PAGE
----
I did an initial attempt of this on Heissaling's blog, but figured I'd give it a better attempt here, going line-by-line.
It's from the Complete Jewish Bible. Now, the posting is a little disjointed, because trying to organize this is ... well, very difficult. 'Talmid' means disiciple.
Early on the first day of the week, while it was still dark (which in Greek means ‘At dawn, the day-break, early (in the morning)), Mary Magdalene went to the tomb and saw that the stone had been removed from the tomb (John). So she came running to Kefa and the other talmid, the one Yeshua loved, and said to them, “They’ve taken the Lord out of the tomb, and we don’t know where they’ve put him. (John). Then Kefa and the other talmid started for the tomb (John). They both ran, but the other talmid outran Kefa, and reached the tomb first (John). Stooping down, he saw the linen burial-sheets lying there but did not go in (John). Then, following him, Kefa arrived, entered the tomb and saw the burial-sheets lying there, also the cloth that had been around his head, lying not with the sheets but in a separate place and still folded up (John). Then the other talmid, who had arrived at the tomb first, also went in; he saw, and he trusted (John.) They had no yet come to understand that the Tanakh teaches that the Messiah had to rise from the dead (John). So the talmid returned home, but Mary stood outside crying (John). AS she cried, she bent down, peered into the tomb, and saw two angels in white sitting where the body of Yeshau had been, one at the head and one at the feet (John). “Why are you crying?” they asked her. “They took my Lord,” she said to them, “and I don’t know where they have put him.” (John)
After Shabbat, as the next day was dawning, Mary Magdalene and the other Mary went to see the grave (Matthew). When Shabbat was over, Mary Magdalene and Miryam the mother of Jacob, and Salome brought spices in order to go and anoint Yeshua (Mark). Very early in the morning, just after sunrise, they went to the tomb (Mark). They were asking each other, “Who will roll away the stone from the entrance to the tomb for us? (Mark)” But the next day, while it was still very early, [Mary Magdalene, Johanna, Mary the Mother of Jacob, and others in their circle] took the spices they had prepared, went to the tomb (Luke). Suddenly there was a violent earthquake, for an angel of Adonai came down from heaven, rolled away the stone, and sat on it (Matthew). His appearance was like lightning, and his clothes were as white as snow (Matthew). The guards were so terrified at him that they trembled and became like dead men (Matthew). But the angel said to the women, “Don’t be afraid. I know you are looking for Yeshua, who was executed on the sake. He is no here, because he has been raised – just as he said. Come and look at the place where he lay. The go quickly and tell the talmidim,’He has been raised from the dead, and now he is going to the Galilee ahead of you. You will see him there.’ Now I have told you (Matthew).” Then they looked and saw that the stone, even though it was huge, had been rolled back already (Mark). They found the stone rolled away from the tomb (Luke). Upon entering the tomb, they saw a young man dressed in a white robe sitting on the right and they were dumbfounded (Mark). But he said, “Don’t be so surprised. You’re looking for Yeshua from Nazareth, who was executed on the stake. He has risen, he’s not here. Look at the place where they laid him. But go and tell his talmidim, especially Kefa, that he is going to the Galilee ahead of you. You will see him there, just as he told you. (Mark).” On entering, they discovered that the body of the Lord Yeshua was gone (Luke). They were standing there, not knowing what to think about it, when suddenly two men in dazzlingly bright clothing stood next to them (Luke). Terror-stricken, they bowed down with their faces to the ground (Luke). The two men said to them, “Why are you looking for the living among the dead? He is not here; he has been raised. Remember how he told you while he was still in Galilee, ‘The Son of Many must be delivered into the hands of sinful men and be executed on a stake as a criminal, but on the third day be raised again’? (Luke)” Then they remembered his words (Luke);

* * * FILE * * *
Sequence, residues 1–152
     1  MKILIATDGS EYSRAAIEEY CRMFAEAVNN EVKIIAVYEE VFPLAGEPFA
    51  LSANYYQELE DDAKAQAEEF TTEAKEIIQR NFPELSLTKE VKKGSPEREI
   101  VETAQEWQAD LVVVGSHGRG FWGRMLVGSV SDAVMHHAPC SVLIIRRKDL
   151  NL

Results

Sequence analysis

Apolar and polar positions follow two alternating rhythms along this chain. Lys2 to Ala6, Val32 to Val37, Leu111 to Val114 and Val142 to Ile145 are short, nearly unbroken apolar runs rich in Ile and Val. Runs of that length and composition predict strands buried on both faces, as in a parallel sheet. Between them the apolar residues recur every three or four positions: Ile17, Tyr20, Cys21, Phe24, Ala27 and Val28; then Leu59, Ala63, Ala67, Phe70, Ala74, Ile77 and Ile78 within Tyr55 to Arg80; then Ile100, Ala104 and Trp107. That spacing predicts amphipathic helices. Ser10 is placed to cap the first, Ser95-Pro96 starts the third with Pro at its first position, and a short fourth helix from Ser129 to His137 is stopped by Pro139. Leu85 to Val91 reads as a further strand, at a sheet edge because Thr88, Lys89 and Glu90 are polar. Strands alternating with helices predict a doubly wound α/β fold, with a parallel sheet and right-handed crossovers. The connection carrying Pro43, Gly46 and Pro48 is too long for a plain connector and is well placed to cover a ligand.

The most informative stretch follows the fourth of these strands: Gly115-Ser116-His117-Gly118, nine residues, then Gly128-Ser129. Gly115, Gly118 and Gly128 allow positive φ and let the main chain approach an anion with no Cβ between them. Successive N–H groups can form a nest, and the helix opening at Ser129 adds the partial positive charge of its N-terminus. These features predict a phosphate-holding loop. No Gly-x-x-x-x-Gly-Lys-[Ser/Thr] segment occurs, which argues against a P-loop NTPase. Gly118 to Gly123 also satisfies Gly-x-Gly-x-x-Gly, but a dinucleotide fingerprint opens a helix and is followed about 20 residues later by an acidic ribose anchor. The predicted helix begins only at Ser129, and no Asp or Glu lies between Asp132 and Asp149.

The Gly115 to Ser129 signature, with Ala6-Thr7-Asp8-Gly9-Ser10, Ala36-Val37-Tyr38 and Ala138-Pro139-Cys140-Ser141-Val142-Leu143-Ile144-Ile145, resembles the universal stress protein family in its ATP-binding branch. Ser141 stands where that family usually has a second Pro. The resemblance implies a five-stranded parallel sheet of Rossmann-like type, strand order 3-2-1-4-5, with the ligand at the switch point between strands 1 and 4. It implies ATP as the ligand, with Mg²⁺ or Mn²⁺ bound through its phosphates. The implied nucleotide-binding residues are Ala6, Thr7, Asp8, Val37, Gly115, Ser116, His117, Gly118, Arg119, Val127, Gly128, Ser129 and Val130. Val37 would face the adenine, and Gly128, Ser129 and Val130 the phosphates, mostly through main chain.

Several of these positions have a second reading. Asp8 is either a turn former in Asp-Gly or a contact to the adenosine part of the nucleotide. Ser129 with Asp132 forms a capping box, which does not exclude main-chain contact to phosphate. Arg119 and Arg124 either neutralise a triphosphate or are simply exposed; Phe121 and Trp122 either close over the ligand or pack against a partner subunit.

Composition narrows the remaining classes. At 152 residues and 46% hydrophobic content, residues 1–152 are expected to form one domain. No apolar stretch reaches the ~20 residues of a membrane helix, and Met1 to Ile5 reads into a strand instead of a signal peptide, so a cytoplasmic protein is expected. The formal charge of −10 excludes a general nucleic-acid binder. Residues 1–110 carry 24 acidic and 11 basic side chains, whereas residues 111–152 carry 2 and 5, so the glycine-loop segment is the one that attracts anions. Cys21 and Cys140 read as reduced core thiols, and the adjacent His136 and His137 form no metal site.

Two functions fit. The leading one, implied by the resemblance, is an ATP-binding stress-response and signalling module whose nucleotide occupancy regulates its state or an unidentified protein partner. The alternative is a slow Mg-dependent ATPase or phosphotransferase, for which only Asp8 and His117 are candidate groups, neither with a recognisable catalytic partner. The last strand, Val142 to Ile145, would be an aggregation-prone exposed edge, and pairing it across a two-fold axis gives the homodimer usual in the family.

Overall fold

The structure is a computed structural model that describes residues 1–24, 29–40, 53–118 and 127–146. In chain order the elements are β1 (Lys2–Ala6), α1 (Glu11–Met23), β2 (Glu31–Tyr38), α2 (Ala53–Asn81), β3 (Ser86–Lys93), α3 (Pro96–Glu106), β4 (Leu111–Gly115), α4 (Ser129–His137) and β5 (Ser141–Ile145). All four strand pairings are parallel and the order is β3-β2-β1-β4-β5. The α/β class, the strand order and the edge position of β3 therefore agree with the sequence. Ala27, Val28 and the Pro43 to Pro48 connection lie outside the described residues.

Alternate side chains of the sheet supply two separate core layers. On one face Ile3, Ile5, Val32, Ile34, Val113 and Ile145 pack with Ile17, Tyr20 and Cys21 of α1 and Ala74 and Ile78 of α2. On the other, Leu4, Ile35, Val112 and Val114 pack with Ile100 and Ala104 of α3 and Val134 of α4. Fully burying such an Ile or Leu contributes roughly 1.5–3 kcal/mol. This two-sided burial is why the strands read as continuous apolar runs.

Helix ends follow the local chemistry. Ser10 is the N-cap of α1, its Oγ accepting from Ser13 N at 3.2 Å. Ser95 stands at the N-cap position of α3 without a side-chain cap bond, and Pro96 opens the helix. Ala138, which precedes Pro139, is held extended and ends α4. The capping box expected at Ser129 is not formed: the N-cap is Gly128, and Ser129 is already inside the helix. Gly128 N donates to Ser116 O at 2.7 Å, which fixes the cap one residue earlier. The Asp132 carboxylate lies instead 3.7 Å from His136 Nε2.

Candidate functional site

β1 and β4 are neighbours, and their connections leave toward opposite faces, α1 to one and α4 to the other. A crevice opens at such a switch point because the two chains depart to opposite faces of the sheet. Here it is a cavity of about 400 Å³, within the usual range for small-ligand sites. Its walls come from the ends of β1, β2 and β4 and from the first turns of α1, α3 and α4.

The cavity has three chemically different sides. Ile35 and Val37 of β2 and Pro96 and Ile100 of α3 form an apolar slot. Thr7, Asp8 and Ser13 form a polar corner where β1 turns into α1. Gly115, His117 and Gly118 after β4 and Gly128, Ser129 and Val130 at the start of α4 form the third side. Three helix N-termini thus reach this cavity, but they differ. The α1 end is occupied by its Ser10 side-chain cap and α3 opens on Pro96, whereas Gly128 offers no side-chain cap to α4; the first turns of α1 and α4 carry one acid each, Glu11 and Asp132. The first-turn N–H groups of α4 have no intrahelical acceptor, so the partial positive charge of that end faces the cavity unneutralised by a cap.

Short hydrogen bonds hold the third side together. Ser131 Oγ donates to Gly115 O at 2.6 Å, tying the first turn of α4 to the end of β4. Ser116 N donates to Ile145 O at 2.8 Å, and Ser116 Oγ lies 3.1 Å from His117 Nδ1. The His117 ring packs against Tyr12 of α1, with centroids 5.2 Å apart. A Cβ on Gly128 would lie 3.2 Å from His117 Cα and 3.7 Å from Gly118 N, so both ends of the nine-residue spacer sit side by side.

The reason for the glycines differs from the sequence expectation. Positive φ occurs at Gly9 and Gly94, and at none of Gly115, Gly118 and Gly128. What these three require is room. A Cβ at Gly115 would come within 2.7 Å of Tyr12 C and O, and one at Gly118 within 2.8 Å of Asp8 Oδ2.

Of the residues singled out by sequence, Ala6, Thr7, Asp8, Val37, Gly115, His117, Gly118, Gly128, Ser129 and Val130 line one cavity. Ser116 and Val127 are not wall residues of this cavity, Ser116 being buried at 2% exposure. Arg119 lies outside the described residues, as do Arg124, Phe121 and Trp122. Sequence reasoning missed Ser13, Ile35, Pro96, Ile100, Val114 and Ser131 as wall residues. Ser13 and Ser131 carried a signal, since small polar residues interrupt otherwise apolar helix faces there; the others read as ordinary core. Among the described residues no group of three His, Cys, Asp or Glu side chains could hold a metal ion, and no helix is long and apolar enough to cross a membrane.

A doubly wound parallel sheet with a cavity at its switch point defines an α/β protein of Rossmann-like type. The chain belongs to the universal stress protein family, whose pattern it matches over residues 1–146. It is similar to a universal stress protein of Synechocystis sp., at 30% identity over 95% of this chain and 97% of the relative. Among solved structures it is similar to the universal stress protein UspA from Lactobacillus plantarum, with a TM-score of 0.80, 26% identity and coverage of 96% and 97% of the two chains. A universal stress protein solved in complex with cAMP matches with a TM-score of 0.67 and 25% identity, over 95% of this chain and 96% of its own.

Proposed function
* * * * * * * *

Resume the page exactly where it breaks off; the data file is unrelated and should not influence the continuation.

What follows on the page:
--So here’s what we’ve got. Regardless of who or how many showed up to the tomb, it happened very, very early. There’s not enough time for Mary to go by herself, and then come back with the other woman and still have it be just after sunrise. Plus, if it doesn’t happen that early in the morning, the event loses its symbolism. Matthew has the stone rolled away before the women – between the verb tense and how the passage flows, I find it hard to read it any other way. The angel in Matthew spoke to the women almost as soon as he appeared. We can tell this because the guards got terrified as soon as they saw the angel, so the angel tells the women to not be afraid. “But the angel said …” Plus, the angel also says, “Come and look where he lay,” which invites them inside, so he would’ve had to say this before the women even stepped into the tomb.